• When you are ill, you are likely to be emotionally distraught, which means you may not be able to think rationally .
  • Since the jargon is unfamiliar, you may need to read the same material repeatedly, before it starts making sense to you
  • You may be so worried about making the wrong decision, that you may be paralysed into inactivity
  • Since you may have never done this before, you may be unsure how to proceed, since this is unfamiliar territory
  • Your doctor may intimidate or bully you into agreeing with him, rather than respct your opinion or judgment
  • You may get very little social or family support because you are "thinking out of the box"and it's not considered to be accepat

However, you do have a lot of valuable inputs to provide. What are your strengths and what can you do optimise your role ?

  • You have the time to explore multiple options. You can do a lot of research - and since you do not have any preconceived notions or limitations of time, you may be able to craft a unique solution which is optimal for you
  • You know yourself and your feelings . How much are you willing to spend ? How far are you willing to travel ? Are you happy with what is available locally ? Are you willing to take a gamble on an expensive but unproven treatment; or are you contented with what the standard treatment options are ?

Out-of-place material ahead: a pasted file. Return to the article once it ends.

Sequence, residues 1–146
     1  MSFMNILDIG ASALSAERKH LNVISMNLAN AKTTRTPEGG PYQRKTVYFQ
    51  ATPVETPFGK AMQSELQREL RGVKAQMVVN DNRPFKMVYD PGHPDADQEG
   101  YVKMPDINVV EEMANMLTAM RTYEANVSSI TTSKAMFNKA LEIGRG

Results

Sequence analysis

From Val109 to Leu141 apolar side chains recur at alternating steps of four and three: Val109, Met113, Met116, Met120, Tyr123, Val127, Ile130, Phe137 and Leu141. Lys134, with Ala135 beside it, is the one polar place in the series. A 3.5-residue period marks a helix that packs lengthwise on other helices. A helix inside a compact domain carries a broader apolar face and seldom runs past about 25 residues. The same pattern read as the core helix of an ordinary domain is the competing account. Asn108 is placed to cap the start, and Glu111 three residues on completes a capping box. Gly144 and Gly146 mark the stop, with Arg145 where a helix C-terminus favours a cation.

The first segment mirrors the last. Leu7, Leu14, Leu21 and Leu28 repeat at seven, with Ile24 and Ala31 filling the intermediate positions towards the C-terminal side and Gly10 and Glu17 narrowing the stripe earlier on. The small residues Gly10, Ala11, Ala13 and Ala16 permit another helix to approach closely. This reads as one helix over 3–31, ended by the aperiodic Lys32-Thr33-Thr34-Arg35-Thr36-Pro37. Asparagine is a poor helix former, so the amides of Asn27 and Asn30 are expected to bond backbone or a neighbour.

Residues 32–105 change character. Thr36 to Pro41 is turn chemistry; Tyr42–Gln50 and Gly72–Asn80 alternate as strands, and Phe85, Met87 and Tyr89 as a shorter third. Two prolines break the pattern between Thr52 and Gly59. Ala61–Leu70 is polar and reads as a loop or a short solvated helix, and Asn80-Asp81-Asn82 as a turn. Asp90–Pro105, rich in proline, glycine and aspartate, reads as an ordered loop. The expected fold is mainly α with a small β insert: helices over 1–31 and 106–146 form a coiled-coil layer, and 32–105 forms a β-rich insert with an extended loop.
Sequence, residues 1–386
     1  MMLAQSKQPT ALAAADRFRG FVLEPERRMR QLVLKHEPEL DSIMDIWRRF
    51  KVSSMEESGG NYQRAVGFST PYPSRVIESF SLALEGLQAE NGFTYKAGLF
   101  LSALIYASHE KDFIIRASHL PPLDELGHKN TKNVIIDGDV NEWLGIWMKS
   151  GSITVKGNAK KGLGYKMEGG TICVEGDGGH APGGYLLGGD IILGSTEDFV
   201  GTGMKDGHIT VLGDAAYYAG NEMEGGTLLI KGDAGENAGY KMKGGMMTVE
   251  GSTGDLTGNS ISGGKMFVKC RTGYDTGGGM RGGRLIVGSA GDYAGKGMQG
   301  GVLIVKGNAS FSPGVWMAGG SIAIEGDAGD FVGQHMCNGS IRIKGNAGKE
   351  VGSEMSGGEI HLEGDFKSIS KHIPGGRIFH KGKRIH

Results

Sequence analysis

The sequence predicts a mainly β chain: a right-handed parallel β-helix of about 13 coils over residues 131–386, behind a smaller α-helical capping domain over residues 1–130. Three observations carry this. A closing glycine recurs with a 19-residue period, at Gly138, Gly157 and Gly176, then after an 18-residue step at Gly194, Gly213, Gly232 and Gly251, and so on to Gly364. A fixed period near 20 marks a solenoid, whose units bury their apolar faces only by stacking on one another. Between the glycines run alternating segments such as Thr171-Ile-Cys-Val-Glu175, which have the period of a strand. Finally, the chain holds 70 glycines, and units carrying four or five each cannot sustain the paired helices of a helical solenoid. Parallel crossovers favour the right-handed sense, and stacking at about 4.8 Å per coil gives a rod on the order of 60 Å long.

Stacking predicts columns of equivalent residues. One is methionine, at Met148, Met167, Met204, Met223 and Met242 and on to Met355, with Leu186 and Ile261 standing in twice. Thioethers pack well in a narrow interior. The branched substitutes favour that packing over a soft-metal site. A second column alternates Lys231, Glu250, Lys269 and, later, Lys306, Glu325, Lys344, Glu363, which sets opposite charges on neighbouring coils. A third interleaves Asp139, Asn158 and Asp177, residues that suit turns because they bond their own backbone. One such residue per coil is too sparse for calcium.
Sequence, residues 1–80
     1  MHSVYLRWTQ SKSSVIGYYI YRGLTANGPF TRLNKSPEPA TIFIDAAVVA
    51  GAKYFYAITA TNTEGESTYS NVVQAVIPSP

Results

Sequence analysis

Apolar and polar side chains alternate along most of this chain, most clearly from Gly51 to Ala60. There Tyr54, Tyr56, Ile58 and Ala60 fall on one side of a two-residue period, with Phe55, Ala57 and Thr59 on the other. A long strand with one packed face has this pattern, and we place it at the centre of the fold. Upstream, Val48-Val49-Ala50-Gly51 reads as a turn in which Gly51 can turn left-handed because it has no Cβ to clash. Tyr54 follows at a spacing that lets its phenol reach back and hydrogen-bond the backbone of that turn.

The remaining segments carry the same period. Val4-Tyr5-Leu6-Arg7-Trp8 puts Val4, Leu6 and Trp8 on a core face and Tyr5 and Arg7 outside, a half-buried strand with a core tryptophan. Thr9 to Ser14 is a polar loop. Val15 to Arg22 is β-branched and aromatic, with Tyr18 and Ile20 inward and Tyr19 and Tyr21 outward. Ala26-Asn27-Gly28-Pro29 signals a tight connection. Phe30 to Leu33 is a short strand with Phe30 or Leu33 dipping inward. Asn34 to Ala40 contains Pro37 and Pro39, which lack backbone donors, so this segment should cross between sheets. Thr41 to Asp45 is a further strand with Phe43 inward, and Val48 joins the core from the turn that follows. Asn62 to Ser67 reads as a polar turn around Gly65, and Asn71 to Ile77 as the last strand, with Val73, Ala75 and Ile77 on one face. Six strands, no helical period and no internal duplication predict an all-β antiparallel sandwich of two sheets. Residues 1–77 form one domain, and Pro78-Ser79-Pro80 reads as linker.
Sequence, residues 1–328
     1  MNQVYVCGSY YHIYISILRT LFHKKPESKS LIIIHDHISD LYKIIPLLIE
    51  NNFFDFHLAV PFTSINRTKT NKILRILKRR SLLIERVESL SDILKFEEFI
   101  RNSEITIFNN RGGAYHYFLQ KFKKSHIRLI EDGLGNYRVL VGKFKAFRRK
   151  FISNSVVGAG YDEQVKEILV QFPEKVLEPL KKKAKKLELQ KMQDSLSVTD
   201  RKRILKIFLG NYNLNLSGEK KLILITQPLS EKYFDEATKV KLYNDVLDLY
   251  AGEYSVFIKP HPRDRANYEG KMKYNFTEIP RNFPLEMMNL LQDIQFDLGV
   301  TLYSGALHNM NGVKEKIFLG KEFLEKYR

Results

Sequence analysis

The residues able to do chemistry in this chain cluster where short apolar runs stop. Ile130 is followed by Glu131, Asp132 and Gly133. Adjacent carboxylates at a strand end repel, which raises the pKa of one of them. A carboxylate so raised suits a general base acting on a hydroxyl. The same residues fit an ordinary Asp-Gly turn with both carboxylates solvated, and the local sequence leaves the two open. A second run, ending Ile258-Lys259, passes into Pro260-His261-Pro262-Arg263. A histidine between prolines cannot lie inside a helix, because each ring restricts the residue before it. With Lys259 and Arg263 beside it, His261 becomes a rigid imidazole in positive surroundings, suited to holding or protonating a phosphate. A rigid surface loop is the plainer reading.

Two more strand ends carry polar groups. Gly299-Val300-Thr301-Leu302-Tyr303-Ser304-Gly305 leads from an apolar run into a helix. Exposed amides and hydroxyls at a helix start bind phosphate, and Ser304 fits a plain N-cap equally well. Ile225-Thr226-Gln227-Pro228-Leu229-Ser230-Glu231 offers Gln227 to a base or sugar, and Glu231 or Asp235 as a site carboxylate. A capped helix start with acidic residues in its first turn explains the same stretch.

Decision making is the most important skill in medicine - and while your doctor can lay out all your options, only you can decide which option is the best for you, based on your personality; philosophy; and background. There are always going to be multiple choices and because it's such a complex process , how can the doctor possibly know what your preferences are ? The answers to all these questions are very personal and individual , which is why your input is so important.

In any medical encounter, there are 4 possibilities.

1. Poorly informed doctor and poorly informed patient. I think this is true of the vast majority of
medical encounters, but because most medical problems are self-limited and get better on their own, it does not adversely affect the outcome most of the time
2. Well informed doctor and poorly informed patient. This is a very common scenario, when the patient leaves everything upto the doctor and allows him to decide. Fortunately, since most doctors are competent and professional, the outcome in this situation is usually quite good for most patients
3. Poorly informed doctor and well-informed patient. This is becoming increasingly common. Many patients are now very well-read; and know a lot about their options. They will often make the decisions for themselves - and get their doctors to endorse these. While some doctors are happy to oblige, others may take offense at this role-reversal.
4. Well-informed doctor and well-informed patient. This is the best combination. While it does not happen too often, when it does, the doctor-patient relationship becomes a work of art - and is gratifying for both doctor and patient !

For most common medial problems, the outcome is likely to be good, no matter which of the above you fall into. However, you can never be sure that your doctor is truly well-informed. This is why you need to make sure you are well-informed, so you craft a winning partnership !